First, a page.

Another issue that is bothering me is the sense that I don't want to leave my Mom shortchanged. Once I have written Dad's biography, I feel that I am obligated to write Mom's biography. Although I can't really say why, I feel much less confident about making that effort. Part of me doesn't want to finish Dad's biography because I will then feel like I have to start writing Mom's biography.

I am no great writer. I violate too many rules of good writing, even when I know that I am doing so. I can't seem to help myself. But I am the only one among my siblings that engages in much writing. So the biographies are up to me. I have no deadline other than what I impose on myself. I only hope that the finished works are something in which I feel I can take some pride.


David Liddle. said...

My Father died almost two years ago. He was a remarkable man and also a very good writer. for years I begged him to write down the stories that he had told us about his life. But he always said that he was too busy - he was taking care of my Mother who had developed Dementia. He did write a diary but it was nothing more than what he did each day, which was virtually identical. he would write a full page every day, about nothing. I said just write one of those little stories that you told us very day. or even every week soon there would be dozens to show to your grandchildren, and even their grandchildren. But he wouldn't. Then he died. My mother was unable to help. she died about a year later: on his birthday!
Now it has been almost 2 years and I desperately want to write it. I just don't know how or where to start.
But start I must. I am not getting any younger. Dad died at 93 and my mother at 94, but I don't expect to reach such an advanced age.
Did you ever finish the biography of your father? If you did I would lave to see it. perhaps it would give me a start, unblock my writers block!

David Liddle. said...

I wrote a long comment, but it did not show up.

Scott Hinrichs said...

David, I have comment moderation in place on my blog, so comments only appear after I review and approve them. I used to allow comments to be posted immediately, but a few years ago my blog was targeted by trolls that posted very nasty stuff. I'm not opposed to posting divergent opinions, but I also believe that since it is my blog, I get some say in what people post. I posted your comment as soon as I got a chance to review it.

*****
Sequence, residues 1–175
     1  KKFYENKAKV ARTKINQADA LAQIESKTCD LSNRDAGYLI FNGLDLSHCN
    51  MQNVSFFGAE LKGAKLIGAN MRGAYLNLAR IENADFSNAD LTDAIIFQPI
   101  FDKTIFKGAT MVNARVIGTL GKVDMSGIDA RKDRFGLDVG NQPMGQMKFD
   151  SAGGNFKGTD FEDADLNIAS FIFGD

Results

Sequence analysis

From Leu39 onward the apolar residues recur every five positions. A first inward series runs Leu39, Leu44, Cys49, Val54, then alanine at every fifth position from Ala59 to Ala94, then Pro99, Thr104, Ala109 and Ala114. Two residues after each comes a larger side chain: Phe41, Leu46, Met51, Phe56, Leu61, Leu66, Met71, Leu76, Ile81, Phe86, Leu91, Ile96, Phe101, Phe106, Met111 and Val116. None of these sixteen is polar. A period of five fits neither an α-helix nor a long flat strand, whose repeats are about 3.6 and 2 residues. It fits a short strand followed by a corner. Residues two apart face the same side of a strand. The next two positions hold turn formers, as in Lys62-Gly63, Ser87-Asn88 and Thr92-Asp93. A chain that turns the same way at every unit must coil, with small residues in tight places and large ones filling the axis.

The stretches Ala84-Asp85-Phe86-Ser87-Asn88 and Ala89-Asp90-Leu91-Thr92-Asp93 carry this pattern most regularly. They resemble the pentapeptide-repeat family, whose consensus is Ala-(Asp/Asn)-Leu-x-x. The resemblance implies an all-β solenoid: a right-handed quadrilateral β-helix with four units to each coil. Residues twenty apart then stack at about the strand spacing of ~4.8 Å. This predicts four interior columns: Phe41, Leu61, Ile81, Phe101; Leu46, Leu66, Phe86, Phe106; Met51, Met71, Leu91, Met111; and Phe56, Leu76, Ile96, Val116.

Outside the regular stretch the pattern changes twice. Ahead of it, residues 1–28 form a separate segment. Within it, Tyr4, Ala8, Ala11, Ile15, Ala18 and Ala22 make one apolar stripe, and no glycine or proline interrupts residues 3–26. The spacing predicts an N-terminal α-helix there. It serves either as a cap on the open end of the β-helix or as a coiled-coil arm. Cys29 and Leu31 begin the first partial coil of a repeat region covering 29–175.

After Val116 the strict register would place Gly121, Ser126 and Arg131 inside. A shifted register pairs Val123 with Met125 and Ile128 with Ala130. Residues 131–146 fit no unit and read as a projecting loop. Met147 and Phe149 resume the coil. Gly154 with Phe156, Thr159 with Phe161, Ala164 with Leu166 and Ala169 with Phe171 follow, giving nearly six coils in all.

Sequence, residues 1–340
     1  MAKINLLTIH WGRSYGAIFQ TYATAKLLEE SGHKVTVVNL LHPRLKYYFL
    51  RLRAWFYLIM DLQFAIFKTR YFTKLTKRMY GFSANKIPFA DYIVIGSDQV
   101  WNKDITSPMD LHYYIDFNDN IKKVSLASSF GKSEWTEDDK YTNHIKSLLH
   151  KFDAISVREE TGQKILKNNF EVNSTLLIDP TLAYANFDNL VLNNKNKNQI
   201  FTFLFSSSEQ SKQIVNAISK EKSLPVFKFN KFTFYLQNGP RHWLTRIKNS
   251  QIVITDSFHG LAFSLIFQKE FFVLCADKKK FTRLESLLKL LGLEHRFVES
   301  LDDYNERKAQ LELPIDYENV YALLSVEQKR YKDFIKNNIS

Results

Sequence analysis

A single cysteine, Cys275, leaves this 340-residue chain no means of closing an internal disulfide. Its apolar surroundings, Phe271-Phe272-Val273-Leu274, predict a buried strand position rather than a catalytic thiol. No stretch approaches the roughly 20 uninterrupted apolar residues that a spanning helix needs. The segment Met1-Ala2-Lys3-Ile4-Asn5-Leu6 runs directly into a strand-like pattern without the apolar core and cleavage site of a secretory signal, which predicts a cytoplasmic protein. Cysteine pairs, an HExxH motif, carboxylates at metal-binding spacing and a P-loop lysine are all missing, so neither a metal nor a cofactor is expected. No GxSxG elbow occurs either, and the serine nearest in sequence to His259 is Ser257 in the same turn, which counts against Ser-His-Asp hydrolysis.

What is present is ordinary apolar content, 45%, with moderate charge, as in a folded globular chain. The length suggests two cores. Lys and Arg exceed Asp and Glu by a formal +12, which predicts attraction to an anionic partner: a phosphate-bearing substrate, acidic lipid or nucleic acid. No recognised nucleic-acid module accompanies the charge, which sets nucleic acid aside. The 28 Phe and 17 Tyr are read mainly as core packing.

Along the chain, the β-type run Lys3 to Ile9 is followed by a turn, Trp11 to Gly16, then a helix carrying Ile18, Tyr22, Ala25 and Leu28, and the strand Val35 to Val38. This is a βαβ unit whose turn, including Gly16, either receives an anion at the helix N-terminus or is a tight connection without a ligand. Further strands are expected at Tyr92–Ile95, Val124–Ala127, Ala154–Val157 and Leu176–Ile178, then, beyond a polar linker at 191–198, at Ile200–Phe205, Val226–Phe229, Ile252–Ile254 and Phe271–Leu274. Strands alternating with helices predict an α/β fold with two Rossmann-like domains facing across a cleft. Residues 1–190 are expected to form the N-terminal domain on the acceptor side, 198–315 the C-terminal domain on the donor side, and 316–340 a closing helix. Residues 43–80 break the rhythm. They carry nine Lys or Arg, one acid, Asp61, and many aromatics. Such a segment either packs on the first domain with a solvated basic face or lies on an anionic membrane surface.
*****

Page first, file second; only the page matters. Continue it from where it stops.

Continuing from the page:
I did ultimately finish my father's biography. I put it out for family members to review, because I can't be expected to remember everything accurately and there could be value in multiple viewpoints. None of my siblings offered criticism, although, I did go back and include some points that they brought up.

My mother, on the other hand, kept telling me that I had gotten some things wrong. But she would never specify what she wanted me to change. After some going back and forth, I finally realized that I hadn't really gotten anything wrong, per se. I had just presented some things differently than she would have liked. I offered to take her views into consideration, but she would never offer any detail, so I was unable to include her perspective.

I essentially tried to go chronologically, starting with the story of Dad's parents. I consulted a number of sources, but I did not go to the extent of including these in a bibliography. I tried to present a human picture of my father. To me, he was a great man. But like all humans, he was flawed. I didn't dwell on Dad's flaws, but I didn't avoid them either. They were part of who he was.

In the end I had 19 chapters, less than 100 pages with included photos. So it's certainly not the most extensive biography. Still, it's adequate. Family members have been provided copies.

After considering the matter for a while, I ended up posting each chapter on FamilySearch as "memories" under Dad's profile. I posted each chapter separately, attached photos, and linked other people that were mentioned.

For those considering this route, I'd suggest that the title of each memory include the chapter number, the name of the individual, and perhaps a title. For example, a title might say, "2. Jane Doe Biography: Jane's Elementary School Years."

When posting text memories, I found it best to leave an entire blank line between paragraphs to make it more readable online.

Although I have put Dad's biography on FamilySearch for the whole world to see, I am reluctant to send PDF copies to people outside of my family. Nor will I provide a link here to Dad's FamilySearch profile. I can't really explain why. I just don't feel quite right doing that at this point in time.